• “Absolutely everything was designed with intention,” said HALO Business Strategy Lead Chris Combs.

The details: The tunnel itself is an elaborately engineered circuit. It comprises a settling chamber, a heat exchanger the size of a movie screen and a safety grill to catch any debris that might come loose and threaten HALO’s pulmonary system: a colossal, 6,700-horsepower fan with 12 hollow carbon fiber blades that are 26 feet long each.

  • Turning at 250 rotations per minute, the fan drives air through the tunnel and into an anechoic chamber.
  • On a recent day, that chamber held both a race car (for downforce testing) and an SUV from the plant across the field (for acoustic work).

Saving time: At most wind tunnels, switching from aerodynamic work to acoustic testing takes nearly two hours. At the HALO wind tunnel, however, technicians swapped the Indy car for the SUV and reconfigured the test chamber in about 20 minutes.

  • When it designed the facility, Honda focused on “simple things like that—things that really promote efficiency,” said HALO Operations Manager Jimmy Przeklasa.

Quiet and furry: HALO’s test chamber is lined with acoustic tiles and “teddy bear fur,” a soft, sound-absorbing material.

  • Even with the wind blowing, the room is so quiet that technicians working inside must don harnesses to prevent them from stepping into a gale they can neither see nor hear.
  • A software system translates the wind noises into visuals, similar to the way a weather radar displays a moving storm.

Complex but simpleTechnologically and visually dazzling, the HALO wind tunnel can seem like a futuristic fever dream: color-coded maps of the whistling wind, a two-story fan more finely tuned than a jet engine and a scale capable of sensing a breeze.

  • In fact, from its inception, the goal of creating the HALO wind tunnel was simple: make cutting-edge aerodynamic and acoustic research as easy, intuitive and cost-effective as possible. And Honda’s done it.

The last word: “This is the latest and the greatest,” Unger said. “This place is unmatched.”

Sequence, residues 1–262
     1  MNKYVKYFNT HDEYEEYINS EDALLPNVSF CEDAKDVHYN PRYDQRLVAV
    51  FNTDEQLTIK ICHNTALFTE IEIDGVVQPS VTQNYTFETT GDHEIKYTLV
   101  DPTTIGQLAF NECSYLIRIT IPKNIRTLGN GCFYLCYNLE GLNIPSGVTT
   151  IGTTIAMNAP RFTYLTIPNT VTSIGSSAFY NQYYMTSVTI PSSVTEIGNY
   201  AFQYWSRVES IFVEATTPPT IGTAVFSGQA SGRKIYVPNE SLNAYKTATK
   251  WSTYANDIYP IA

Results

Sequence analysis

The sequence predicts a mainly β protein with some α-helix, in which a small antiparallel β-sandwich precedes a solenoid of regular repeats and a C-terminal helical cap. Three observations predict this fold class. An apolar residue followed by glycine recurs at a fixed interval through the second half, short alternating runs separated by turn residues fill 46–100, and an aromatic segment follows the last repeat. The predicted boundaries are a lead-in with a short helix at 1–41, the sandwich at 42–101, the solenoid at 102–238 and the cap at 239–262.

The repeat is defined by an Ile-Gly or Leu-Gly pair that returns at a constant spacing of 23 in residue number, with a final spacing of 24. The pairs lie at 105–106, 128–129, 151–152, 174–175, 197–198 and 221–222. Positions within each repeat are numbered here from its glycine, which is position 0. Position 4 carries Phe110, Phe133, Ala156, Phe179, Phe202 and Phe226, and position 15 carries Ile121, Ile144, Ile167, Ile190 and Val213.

Business Operations

Honda Winds Up a One-of-a-Kind Wind Tunnel

If the Honda Automotive Labs of Ohio facility is a marvel of technology and design, it is also a $124 million testament to the role of cutting-edge engineering in automobile manufacturing.

  • “When I started 30 years ago, few really cared about aerodynamics,” said Honda Development & Manufacturing of America Full-Scale Wind Tunnel Lead Mike Unger with a wink. “Now everybody wants to talk to me.”

New interest: Though wind tunnel testing dates back many years, the increasing emphasis in recent years on greater fuel efficiency has brought a new wave of interest in the field.

  • Honda owns three full-sized wind tunnels near its global headquarters, as well as several smaller test facilities around the world for examining scale models.
  • But in 2015, Honda—which for decades had been sending its U.S.-based people, cars and tools all over the world for wind-tunnel testing or else booking time at third party-owned facilities in America—began mulling constructing a North American wind tunnel, too.

Behold, HALO: The result was HALO, unveiled in 2022 in a 110,000-square-foot facility in East Liberty, Ohio.

  • To make it, the company had gathered its “wind tunnel road warriors”—Honda team members who boasted decades of combined experience in the world’s most advanced research facilities—and asked them how they’d do it better.
  • Among their top requests was the need for better, faster communications with the designers and builders of the cars they were testing. To facilitate this, HALO was strategically located just across from a Honda development center and a mere 10-minute drive from two manufacturing plants (including the Marysville, Ohio, facility where Honda has been building automobiles since 1982).

Wind-tested, Honda approved: Every new Honda passenger vehicle model undergoes extensive aerodynamic and acoustic testing during its design phase, and further changes are often made during the manufacturing process. Race cars, meanwhile, are tested primarily with an eye to managing the downforce caused by passing air.

The new digs: Now, instead of hashing out design challenges across oceans, everyone sits side-by-side in the same control room.

The state-of-the-art site also boasts a fully outfitted machine shop, custom loading bays and a car wash (the last a recommendation of Honda engineers who had more than once found themselves outside a wind tunnel with a dusty test car and a bucket of soapy water).

  • “Absolutely everything was designed with intention,” said HALO Business Strategy Lead Chris Combs.